TUESDAY, June 2
President Donald has described then rioting and looting across the US as a “total disgrace” and said he will mobilise “heavily-armed military forces” to stop it.
In a dramatic escalation of the country’s national crisis, the President said he had recommended every governor to deploy the National Guard to “dominate the streets” to have an “overwhelming presence” to quell the violence.
“First we are ending the riots and lawlessness that has spread throughout our country. We will end it now,” he said from the Rose Garden.
“Today I have strongly recommended to every Governor to deploy the National Guard in sufficient numbers that we dominate the streets. Mayors and Governors must establish and overwhelming law enforcement presence until the violence has been quelled.
“If a city or state refuses to take the actions that are necessary to defend the life and property of their residents, then I will deploy the United States military and quickly solve the problem for them.”
He said the nation has been “gripped by professional anarchists, violent mobs, arsonists, looters, criminals, rioters, Antifa and others”.
The announcement follows days of violent protests that have gripped the nation in the wake of the death of George Floyd, who died after being pinned down by white police officer Derek Chauvin for nearly nine minutes.
Mr Trump described the protests in Washington DC as a “total disgrace”, and said he would dispatch “thousands and thousands of heavily-armed soldiers, military personnel and law enforcement officers” to “stop the rioting, looting, vandalism, assaults, and the wanton destruction of property”.
He also announced a strict 7pm curfew, saying “organisers of this terror… will face severe criminal penalties and lengthy sentences in jail”
The President’s press conference came as it was revealed an independent autopsy into the death of George Floyd has found he died from “asphyxiation from sustained pressure” to both his neck and back, the family’s lawyer said today.
Queensland Premier Annastacia Palaszczuk has apologised to the family of a Central Queensland man whose death was wrongly attributed to COVID-19.
Her apology has come after confirmation Blackwater man, Nathan Turner, did not die of coronavirus, igniting an angry backlash among residents of the tight-knit central Queensland community.
“You know I really want to say to the family that we’re incredibly sorry that that has happened,” the Premier said.
“To the family I know that is still grieving and I don’t want them to be stressed anymore, I know it is a very tough time for them but we do know that the coroner made that finding yesterday and we accept that finding.”
After a social media post yesterday afternoon revealed his fiancee, Simone Devon, had been told that a post-mortem examination confirmed Mr Turner, 30 did not have COVID-19, Facebook was flooded with irate comments.
An online petition demanding an apology from Ms Annastacia Palaszczuk and Chief Health Officer Jeannette Young also quickly attracted more than 2,000 supporters.
Mr Turner was named as “Australia’s youngest COVID-19 victim” on May 27 when the Premier announced he had tested positive for coronavirus after being found dead at his Blackwater home.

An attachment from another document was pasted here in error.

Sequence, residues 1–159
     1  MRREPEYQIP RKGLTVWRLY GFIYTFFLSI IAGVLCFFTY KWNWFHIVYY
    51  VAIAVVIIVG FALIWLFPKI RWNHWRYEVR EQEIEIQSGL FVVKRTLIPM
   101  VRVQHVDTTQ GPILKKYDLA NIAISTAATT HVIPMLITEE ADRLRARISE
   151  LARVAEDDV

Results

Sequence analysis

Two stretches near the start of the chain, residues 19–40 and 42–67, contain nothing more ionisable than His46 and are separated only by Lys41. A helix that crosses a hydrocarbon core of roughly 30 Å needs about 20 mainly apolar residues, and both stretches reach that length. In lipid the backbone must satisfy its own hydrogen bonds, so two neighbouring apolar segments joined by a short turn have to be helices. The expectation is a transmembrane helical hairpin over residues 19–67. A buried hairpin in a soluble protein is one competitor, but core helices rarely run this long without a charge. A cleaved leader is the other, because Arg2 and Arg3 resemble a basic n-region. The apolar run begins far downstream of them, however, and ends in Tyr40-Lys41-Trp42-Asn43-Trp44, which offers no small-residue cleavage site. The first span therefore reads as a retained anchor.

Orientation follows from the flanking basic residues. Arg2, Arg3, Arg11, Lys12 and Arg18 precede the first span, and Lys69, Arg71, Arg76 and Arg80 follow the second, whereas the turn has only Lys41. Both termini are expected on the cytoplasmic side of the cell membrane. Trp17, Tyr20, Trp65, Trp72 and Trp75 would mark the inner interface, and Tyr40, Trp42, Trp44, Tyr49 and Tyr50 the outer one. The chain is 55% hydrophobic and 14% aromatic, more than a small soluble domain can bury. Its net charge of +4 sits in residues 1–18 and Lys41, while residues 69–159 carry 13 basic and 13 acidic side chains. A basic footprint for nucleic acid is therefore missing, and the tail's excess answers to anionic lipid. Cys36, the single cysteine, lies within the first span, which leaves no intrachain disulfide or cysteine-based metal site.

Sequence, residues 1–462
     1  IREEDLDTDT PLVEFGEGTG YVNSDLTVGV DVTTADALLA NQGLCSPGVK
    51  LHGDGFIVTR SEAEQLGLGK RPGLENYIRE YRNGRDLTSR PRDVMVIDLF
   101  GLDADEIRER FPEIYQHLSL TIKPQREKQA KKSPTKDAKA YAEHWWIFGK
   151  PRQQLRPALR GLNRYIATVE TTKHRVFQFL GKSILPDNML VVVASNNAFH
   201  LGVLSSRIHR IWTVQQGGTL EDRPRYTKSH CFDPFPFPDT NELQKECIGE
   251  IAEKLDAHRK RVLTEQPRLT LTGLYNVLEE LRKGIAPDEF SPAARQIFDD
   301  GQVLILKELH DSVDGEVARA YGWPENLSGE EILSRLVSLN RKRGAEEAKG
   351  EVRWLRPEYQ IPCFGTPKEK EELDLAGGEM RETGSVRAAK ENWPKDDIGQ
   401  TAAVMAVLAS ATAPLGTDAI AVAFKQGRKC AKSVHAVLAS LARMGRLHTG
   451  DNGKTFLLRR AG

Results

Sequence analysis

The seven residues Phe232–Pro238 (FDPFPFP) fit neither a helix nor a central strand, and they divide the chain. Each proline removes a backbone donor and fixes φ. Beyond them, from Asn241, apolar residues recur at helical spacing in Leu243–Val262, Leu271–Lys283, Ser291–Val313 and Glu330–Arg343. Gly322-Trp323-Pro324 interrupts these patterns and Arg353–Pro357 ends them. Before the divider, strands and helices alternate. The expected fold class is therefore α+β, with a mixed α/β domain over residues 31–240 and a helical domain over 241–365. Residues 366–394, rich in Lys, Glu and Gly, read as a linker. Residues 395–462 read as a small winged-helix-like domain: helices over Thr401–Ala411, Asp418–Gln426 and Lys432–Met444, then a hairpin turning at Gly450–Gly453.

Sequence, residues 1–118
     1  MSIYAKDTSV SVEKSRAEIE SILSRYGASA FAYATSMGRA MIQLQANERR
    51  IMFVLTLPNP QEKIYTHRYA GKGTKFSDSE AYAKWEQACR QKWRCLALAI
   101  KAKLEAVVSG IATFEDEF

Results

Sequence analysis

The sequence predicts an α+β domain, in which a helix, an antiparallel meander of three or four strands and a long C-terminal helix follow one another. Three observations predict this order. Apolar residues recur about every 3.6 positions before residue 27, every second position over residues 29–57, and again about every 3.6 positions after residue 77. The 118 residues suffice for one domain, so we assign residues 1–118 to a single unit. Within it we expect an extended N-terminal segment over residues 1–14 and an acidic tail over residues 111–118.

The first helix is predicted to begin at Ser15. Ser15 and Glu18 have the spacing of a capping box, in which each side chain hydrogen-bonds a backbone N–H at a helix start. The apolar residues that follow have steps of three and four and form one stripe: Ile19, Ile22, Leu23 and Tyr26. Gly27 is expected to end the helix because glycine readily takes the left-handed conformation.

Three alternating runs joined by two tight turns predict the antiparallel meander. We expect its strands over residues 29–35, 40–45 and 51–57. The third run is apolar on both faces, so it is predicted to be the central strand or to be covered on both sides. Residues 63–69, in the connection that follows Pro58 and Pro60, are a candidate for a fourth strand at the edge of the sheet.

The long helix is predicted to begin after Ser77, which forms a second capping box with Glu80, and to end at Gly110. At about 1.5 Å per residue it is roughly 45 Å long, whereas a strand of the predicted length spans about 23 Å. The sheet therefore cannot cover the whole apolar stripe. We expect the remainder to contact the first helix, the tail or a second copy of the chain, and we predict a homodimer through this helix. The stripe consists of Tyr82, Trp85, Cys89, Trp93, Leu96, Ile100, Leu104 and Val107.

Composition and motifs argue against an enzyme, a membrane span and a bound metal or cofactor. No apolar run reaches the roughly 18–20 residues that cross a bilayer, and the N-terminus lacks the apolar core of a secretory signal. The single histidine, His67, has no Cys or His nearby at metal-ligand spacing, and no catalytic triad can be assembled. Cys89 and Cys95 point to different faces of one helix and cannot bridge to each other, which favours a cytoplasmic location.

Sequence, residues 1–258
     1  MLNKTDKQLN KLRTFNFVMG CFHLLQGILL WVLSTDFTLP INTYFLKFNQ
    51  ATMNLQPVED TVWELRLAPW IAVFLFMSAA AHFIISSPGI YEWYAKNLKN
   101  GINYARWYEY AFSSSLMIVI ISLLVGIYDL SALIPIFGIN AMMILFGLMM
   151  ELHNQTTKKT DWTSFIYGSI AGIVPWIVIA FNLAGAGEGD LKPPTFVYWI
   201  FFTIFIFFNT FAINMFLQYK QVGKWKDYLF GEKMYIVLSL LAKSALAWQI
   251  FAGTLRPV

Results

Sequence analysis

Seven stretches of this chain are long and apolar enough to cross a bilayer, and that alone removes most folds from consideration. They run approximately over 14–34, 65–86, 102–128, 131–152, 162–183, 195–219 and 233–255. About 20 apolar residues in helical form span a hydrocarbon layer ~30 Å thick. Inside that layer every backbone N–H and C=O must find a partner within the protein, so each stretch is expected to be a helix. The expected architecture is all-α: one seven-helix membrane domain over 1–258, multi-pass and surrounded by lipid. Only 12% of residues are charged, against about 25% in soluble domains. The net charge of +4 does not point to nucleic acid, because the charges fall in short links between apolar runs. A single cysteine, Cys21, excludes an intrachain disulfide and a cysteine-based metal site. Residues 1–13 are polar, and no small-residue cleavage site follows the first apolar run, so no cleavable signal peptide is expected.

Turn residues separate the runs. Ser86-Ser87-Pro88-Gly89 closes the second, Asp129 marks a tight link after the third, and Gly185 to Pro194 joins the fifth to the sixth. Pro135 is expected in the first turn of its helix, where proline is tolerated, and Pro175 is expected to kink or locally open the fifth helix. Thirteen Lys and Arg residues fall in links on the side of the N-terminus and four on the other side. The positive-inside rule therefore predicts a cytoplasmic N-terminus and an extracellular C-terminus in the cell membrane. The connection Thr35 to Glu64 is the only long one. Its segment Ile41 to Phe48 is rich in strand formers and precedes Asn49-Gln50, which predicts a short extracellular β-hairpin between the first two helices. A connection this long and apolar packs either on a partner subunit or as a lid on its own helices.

He had been ill for some time and had a “complicated medical history”, but Ms Palaszczuk said he had been displaying symptoms prior to his death and his fiancee had also been unwell.
Australian College of Rural and Remote Medicine president Ewan McPhee told ABC Capricornia the negative coronavirus result was not a surprise.
“You would expect for this tragic event to have been related to COVID, that there would have been significant cases within the community and clearly that isn’t the case,” Dr McPhee said.
“It’s certainly extraordinary that the same town has had two false-positive cases and it begs the question as to whether the testing is accurate and being done correctly. I think that warrants investigation.
“We all have to act on that information and the disruption it causes community is quite significant.”
An invisible roadside fence designed to reduce the number of animals being killed on Queensland roads is being trialled on the Sunshine Coast, reports the ABC.
Concerned about the amount of roadkill on her street, Mudjimba resident Christine Pitcher lobbied the local council for virtual fencing to be installed in the area.
“I spoke to various neighbours about it and they were pretty upset about what was happening … particularly because some kangaroos were being hit and being left to die,” she told the ABC.
“There were also a couple of people in the street that hit them and had damage to their cars.”
The council and the University of the Sunshine Coast began a small trial of the fencing in August 2018, and with community support it has since expanded across the region.
The virtual fencing is based on European technology, and includes a device attached to a pole by the side of the road.
The device is triggered by vehicle headlights and emits a buzzing sound and flashing light to warn nearby wildlife of approaching vehicles.
Ms Pitcher said since it was introduced at Mudjimba in January, she had not seen one dead kangaroo.
A Sunshine Coast Council spokesperson said the monitoring of all trial sites was “still in progress” and would be reviewed later this year.
A trial of the fencing is also underway on Victoria’s Phillip Island, where swamp wallabies and possums are common roadkill victims.
Dr Christine Connelly, a lecturer in environmental science at Victoria University, said the technology showed “real promise” because of its ability to protect, but not displace, animals.
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